Ronald Thwaites | Saving subpar schools
The recent high-school rankings based on the results of the 2017 Caribbean Secondary Education Certificate (CSEC) examinations should come as no surprise, even though they will induce panic among parents of those who recently sat GSAT or are already placed in low-ranking schools.
All of the best-performing schools have transformational managers as principals who are supported by what Peter Phillips calls a community of care, comprising dedicated teachers, church members, parents and alumni, who, having adequate financial resources, support these priorities. More money can never replace them.
Check, too, the fact that church- and trust-sponsored schools are most often at the top of the scale. And if you dig deeper beyond the five CSEC subject threshold, you will find that such schools, on average, produce better-rounded, disciplined young men and women than those without religious moorings.
All this at a time when the churches have become lax in insisting on their right to influence the quality of what goes on in the schools they own or sponsor and when Government is ambivalent, at best, and sometimes downright manipulative about the partnership between Church and State in education.
INTENSE SUMMER ORIENTATION
So we already know many of the things that could reduce and eventually end the virtual apartheid in the Jamaican secondary system. Given the primacy of properly socialising students, a much higher level of training and character disposition will be required in the choice of principals. And the more challenged the student cohort, the better the pay and greater the accountability that must apply to the person in charge.
Then after the GSAT results from this year on, afford an intense summer orientation for all high-school entrants where the culture of the school is communicated. The strengths and weaknesses of each student are assessed and treated before formal teaching and learning begins.
Straight up: Find out if the student has sufficient command of standard English, mathematical concepts, and the absence of significant behavioural challenges to absorb high-school life.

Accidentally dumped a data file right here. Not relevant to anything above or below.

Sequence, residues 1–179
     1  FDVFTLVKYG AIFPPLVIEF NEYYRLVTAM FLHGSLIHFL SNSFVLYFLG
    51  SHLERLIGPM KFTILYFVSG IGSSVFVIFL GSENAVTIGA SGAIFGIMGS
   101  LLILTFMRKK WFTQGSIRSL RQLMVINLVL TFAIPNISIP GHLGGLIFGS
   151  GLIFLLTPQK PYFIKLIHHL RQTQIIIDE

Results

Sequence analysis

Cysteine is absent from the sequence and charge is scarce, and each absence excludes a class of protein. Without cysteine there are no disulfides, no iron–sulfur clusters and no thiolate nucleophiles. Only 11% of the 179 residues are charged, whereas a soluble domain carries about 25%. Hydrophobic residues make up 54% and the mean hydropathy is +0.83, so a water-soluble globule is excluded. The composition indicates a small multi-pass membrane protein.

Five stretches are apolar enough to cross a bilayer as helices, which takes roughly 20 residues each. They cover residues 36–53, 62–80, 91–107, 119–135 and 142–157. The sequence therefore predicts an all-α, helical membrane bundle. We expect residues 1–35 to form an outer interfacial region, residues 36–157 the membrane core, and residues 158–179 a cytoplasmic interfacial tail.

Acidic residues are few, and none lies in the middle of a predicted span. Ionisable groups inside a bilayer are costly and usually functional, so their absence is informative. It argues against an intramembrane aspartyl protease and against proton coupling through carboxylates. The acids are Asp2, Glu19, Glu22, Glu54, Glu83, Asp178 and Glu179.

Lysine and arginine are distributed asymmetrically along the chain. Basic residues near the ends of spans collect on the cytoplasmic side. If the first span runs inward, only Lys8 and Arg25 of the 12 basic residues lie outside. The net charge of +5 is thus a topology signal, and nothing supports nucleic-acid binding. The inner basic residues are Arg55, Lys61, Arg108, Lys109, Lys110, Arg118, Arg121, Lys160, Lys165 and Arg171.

Dr Horace Chang is right that the shift system has outlived its usefulness. One wishes that his Government had followed the plan to eradicate it by this year, instead of allowing the problem to dribble along while resources were diverted to lower political priorities.
To identify as a major cause of social distress the shift expedient that crossed political administrations, providing high-school places for some half of the cohort who would otherwise have 'aged out' at 15 is, however, incorrect and unhelpful.
Shift schools were a reasoned measure at the time when, despite a massive high-school building programme in the 1990s, there were still insufficient spaces for everyone and some had to double up. The only important discourse now is how to end the shift and urgently improve the social and academic outcomes of 100 or so of our schools.
Beyond the measures suggested, the stigma of inferiority now attached to many institutions could be reduced if there were to be a process of twinning with a stronger school, which is often in reasonable proximity or connected by a common religious tradition. Creative ways to share specialist staff, scarce facilities, and some extra-curricular activities could lift the tone and perception of the challenged school without diluting the standard of the better-pedigreed entity.
We will have to shatter the mould of many present rigidities in education if better outcomes are to be expected.
- Ronald Thwaites is member of parliament for Kingston Central and opposition spokesman on education and training. Email feedback to firstname.lastname@example.org.